Shonali, I agree with your post, the comments, YOU didn’t need to apologize or justify your speaking, etc.; and “Rude Dude” would sound great in your accent. And yet, as someone with only one speaking gig to her name, I wonder:
How much did you assume and/or make clear to Rude Dude? I get that you professionally followed up, accepted his offer and made it CLEAR you were confirming his dates and would be turning down other offers.
Did HE get that? Did HE follow up? Because the lack of such would have been a red flag to me. A year is a long time. Was there any interaction in between, even a courtesy “hello, looking forward to April” kinda thing? Don’t misunderstand me, HE is wrong and YOU are right. HE should have been proactive, been clear from the get go that this was tentative and when YOU confirmed you’d be turning down offers, he should have said.. “No if they come in, let’s discuss and see where we are.” It’s just that I temper my optimism with caution, having been burned in other situations.
You’re DEAD ON about it being the WAY it was done now. YOU reached out again and he casually dismissed you. The second he knew it was a no-go, he should have contacted you, APOLOGIZED, made concessions and offers to make it up, all of that. It is very unprofessional and I’m sorry this happened. FWIW.
D, that’s a good question. Since the communication and acceptance were all done by email, my understanding, from the fact that he did not demur or reply with any qualifiers after I responded saying that I was in, would hold the dates and look forward to more details down the road, was that he understood that. I’ve been doing this for about 5 years now, and this is the first time such a thing has happened to me.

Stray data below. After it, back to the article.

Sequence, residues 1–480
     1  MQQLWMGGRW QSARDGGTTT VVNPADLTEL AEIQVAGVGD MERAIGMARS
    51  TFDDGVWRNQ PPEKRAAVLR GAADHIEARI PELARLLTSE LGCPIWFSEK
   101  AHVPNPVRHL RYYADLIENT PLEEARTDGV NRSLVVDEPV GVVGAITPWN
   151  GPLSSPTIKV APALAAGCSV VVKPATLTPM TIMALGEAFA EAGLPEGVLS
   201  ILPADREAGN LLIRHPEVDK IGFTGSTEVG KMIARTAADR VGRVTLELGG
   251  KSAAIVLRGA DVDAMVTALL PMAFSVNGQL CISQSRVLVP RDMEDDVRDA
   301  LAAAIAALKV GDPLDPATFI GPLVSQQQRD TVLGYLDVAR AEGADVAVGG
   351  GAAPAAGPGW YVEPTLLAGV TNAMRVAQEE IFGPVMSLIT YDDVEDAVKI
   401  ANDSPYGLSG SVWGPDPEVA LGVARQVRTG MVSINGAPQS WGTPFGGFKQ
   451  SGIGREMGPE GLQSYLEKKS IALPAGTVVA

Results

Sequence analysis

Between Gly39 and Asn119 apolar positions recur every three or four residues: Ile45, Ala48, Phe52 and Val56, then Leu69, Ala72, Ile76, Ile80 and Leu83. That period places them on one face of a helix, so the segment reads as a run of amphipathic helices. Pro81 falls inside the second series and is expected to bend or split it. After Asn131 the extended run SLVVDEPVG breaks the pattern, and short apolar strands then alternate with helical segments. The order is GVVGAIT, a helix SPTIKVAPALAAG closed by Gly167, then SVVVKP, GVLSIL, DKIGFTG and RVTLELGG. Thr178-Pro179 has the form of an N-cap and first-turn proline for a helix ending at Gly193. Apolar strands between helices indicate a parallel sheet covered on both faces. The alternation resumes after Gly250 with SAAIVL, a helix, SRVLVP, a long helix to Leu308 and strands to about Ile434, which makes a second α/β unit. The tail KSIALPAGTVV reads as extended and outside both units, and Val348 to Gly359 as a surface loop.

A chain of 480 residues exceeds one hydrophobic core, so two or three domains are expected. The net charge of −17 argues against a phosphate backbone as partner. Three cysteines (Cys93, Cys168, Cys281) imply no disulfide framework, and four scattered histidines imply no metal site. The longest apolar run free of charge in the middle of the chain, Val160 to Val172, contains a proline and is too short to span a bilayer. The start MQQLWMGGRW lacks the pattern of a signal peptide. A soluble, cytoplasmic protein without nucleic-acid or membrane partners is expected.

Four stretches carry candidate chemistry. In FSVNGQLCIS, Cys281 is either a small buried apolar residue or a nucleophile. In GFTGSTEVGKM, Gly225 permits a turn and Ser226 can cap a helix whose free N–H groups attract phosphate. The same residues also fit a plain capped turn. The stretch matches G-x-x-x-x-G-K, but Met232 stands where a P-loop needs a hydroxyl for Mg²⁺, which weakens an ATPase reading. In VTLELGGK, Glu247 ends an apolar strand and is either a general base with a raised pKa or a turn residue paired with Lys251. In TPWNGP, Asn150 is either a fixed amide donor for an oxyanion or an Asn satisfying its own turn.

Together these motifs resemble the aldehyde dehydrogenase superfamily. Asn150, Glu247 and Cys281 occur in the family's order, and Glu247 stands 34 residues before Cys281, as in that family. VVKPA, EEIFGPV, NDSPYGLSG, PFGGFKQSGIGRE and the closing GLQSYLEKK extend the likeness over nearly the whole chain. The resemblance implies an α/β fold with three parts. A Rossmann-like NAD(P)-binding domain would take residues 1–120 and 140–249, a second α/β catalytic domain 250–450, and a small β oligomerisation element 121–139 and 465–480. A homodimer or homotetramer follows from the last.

But that’s a very good point. What I’ve started doing this year is making sure all my gigs are now agreed to in writing, with a formal contract, as well as with an advance (for those gigs that pay). I make it clear that nothing is set in stone until I receive the executed agreement AND the advance, and there is a cancellation policy as well.
More than anything, what bothered me was the way it was done. The irony of it is that normally this is not an event I would submit a speaker proposal for; it’s a little too tangential for me. But since he asked, it was in DC… I thought, sure. So I’m not really *devastated* by losing the gig as such – I’m just really irritated at the way he handled it.
@shonali Exactly (and cool on the Livefyre BTW). I’ve had other projects fall out like this, verbal and email agreements of this campaign or this project that get cancelled a month or two before they were to start. Clients then feign ignorance, don’t understand the concept of “holding or blocking time” for this work — that per our discussion of the scope of the project X hours would be involved. And that I turned down or didn’t aggressively pursue other work b/c I thought I’d be busy. And yes it’s the way it was done making it much, much worse.
@3HatsComm I know, I’m LOVING livefyre !
I’m very, very careful about verbal agreements. Nothing is set until it’s set in writing and money has changed hands.
[…] This post was mentioned on Twitter by Shonali Burke, Shonali Burke and Shonali Burke, Rebecca Ames. Rebecca Ames said: Thanks for the link! Had a similar situation – will post it in the comments. :) RT @shonali: http://bit.ly/fbl4pK -my post on speaking thing […]
Shonali, I think you have a right to be super annoyed. The guy did not respect you, your time and your speaking commitment – all of which are valuable. The least he could have done is apologized and informed you about it early on.
On a lighter note, being a Bollywood buff, I enjoyed that ‘slap in the face’ video! FYI, my favorite Bollywood ‘thappad’ scene is from this old movie, Karma: http://www.youtube.com/watch?v=JGFujEtM4w4)